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‘True Romance’ (R)By Desson Howe
Washington Post Staff Writer
September 10, 1993
Sifting through the bloody, pulpy trash of "True Romance" -- should you care to -- you'll find amusing, smart-alecky nuggets planted by screenwriter Quentin Tarantino. But most of the time, you'll be spattered by the plasmatic action fare of director Tony Scott, who probably ought to be registered somewhere as an exclamation point.
In this MTV-generation version of "Bonnie and Clyde," Christian Slater is a comic-book store clerk, still unable to shake off that Jack Nicholson imitation. He also speaks privately to Elvis. The King -- or some shook-up version thereof (Val Kilmer) -- talks back, in the manner of the Humphrey Bogart-Woody Allen mentor relationship in "Play It Again Sam."
Celebrating a lonely birthday at a triple kung-fu movie show, Slater meets charismatic floozy Patricia Arquette. It's love at first sight. But when Slater finds out Arquette is a call girl in bondage to dreadlocked pimp Gary Oldman, he decides -- romantically -- to restore her honor, "Taxi Driver"-style.
A bloody melee later, Slater and Arquette (now married) drive into the romantic sunset for points west. The trouble is, Slater has stolen Oldman's million-dollar stash of uncut cocaine, which he intends to unload in Hollywood. He's also left an easy trail to follow: His driver's license was dropped at the scene of the crime and he's given his dad (Dennis Hopper) the L.A. address of buddy Michael Rapaport, where he'll be staying for a while.
By the time Slater and Arquette get to California, Oldman's bosses are in vengeful pursuit. The inevitable confrontation is further complicated when undercover cops Chris Penn and Tom Sizemore get wind of the narcotics. The finale becomes something of an Ealing farce -- in which everyone wants the coke -- as envisioned by the director of "Top Gun" and "Beverly Hills Cop."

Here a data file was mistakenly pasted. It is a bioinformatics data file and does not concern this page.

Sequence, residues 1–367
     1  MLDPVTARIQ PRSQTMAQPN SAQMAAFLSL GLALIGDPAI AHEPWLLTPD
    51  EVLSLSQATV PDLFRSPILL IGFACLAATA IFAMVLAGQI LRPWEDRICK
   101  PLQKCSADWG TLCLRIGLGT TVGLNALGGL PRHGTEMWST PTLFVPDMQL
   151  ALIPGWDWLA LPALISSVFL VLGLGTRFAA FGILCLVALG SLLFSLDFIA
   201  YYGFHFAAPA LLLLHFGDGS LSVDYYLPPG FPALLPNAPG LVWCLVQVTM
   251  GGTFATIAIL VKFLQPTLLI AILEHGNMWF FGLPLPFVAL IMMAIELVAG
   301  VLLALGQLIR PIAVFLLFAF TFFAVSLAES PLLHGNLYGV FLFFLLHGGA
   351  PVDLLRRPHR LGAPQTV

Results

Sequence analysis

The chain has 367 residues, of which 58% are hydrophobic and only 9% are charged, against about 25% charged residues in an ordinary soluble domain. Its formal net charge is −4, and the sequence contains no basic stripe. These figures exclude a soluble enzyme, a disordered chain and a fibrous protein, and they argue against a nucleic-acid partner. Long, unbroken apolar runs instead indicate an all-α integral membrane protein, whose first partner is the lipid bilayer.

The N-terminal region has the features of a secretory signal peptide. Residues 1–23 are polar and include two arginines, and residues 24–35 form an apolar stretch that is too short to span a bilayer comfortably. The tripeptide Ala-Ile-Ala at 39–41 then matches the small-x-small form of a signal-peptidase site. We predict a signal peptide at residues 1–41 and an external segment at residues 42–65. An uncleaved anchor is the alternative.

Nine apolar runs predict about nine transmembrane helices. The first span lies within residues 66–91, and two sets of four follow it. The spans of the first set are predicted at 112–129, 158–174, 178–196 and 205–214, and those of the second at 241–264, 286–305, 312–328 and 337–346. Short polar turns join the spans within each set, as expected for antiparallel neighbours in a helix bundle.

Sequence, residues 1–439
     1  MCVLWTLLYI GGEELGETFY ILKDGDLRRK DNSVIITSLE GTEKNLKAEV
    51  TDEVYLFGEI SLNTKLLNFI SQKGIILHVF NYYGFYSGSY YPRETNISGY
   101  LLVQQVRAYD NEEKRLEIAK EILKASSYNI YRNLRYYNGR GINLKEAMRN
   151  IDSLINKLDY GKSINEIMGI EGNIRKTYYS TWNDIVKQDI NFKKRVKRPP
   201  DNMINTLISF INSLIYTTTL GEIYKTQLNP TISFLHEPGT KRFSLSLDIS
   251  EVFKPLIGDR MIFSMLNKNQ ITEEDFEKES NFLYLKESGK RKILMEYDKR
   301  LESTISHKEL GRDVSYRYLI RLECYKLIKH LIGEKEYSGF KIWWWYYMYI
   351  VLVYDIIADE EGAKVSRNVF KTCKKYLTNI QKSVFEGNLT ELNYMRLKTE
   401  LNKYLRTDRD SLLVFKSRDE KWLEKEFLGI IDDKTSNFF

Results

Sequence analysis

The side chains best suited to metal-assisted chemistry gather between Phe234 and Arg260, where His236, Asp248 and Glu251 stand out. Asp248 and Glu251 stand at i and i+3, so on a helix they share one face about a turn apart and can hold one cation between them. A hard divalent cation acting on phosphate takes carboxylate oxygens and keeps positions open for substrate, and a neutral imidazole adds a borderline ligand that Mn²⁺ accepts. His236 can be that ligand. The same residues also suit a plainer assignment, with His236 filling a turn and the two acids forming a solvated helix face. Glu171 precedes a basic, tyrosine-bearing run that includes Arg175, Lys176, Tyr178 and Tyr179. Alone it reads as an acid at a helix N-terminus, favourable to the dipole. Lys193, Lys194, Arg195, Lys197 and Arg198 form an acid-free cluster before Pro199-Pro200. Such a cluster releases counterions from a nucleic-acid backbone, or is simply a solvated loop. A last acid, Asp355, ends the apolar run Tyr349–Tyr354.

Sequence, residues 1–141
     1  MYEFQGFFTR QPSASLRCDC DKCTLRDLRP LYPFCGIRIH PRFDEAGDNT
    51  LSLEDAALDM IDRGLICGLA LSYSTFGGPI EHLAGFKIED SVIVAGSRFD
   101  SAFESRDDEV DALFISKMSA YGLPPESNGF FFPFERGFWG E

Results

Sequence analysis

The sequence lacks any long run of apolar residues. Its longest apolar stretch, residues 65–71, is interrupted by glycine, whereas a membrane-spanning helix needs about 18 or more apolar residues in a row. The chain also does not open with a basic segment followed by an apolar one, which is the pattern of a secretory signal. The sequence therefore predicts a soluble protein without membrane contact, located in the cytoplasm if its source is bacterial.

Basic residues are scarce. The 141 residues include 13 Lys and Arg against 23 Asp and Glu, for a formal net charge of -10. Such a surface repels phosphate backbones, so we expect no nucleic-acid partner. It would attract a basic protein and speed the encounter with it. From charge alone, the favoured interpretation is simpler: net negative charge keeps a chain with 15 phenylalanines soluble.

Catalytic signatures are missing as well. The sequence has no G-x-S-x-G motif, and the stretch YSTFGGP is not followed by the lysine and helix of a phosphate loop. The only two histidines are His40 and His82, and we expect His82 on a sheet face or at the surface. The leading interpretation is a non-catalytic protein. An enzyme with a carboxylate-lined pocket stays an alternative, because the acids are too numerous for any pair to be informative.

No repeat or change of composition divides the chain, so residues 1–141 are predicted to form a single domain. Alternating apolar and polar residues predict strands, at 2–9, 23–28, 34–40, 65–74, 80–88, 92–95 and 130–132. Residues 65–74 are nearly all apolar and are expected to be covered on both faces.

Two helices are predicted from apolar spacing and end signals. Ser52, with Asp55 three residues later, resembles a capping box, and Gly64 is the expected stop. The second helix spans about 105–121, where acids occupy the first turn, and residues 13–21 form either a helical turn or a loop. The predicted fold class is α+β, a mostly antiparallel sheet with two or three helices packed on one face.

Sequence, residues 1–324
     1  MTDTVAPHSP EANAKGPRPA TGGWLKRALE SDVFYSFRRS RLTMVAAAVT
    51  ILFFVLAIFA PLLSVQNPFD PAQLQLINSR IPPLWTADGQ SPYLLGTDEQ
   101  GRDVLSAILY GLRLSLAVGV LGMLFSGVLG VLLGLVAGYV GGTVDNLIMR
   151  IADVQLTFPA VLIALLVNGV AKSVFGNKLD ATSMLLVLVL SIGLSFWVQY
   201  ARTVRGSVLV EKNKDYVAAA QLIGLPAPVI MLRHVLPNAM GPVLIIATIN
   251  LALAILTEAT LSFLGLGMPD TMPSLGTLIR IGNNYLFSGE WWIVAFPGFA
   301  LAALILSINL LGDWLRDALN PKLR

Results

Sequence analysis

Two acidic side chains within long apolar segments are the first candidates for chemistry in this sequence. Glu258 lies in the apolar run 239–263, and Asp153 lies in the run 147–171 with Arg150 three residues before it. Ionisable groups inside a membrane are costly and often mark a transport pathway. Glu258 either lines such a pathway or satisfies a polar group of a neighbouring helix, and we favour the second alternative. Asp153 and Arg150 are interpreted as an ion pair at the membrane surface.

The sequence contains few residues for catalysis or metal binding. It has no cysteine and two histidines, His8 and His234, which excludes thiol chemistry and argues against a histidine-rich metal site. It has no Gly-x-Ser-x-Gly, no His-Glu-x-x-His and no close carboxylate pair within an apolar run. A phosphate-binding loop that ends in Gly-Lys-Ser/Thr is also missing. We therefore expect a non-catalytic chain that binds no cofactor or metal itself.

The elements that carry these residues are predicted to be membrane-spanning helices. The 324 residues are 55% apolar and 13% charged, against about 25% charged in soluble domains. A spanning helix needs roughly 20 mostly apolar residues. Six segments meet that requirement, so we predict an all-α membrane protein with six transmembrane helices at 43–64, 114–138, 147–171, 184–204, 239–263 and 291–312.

Although the gore factor -- which puts a serious drain on the nation's blood-pellet supply -- can be pinned on Tarantino, it is his non-bloody qualities that make any of this movie worth it. With a cine-kid savvy (developed from years working as a video store clerk), he pulls from flicks galore, especially the gangster/kung-fu shelves. Amid the violence, the one-liners ring out. Nobody speaks for real. It's as if they all know they're in a movie.
"I killed him," says Slater, coming back from that initial slaughter scene. "You want some hamburgers? I'm [expletive] starving to death."
"What you did was so romantic," coos Arquette.
The performers, a veritable who's who of hip, take their lines and run with them. There's a priceless scene in which mafia hood Christopher Walken tries to get information on Slater's whereabouts from tight-lipped Hopper. Before the impending macabre punch line, both actors cook up a darkly comic dialogue of polite menace and racial epithets. Oldman is a campy stitch as a cream-skinned pimp who insists on being thought of as black. Saul Rubinek makes an amusing drug-fiend producer; and Brad Pitt is memorably stoned throughout his scenes as Rapaport's addled roommate. When a hood comes to the house and asks him with poisonous condescension where Slater and Arquette can be found, Pitt tells him. After the gangster leaves, Pitt mutters to himself: "Don't con-denn-send me, man."
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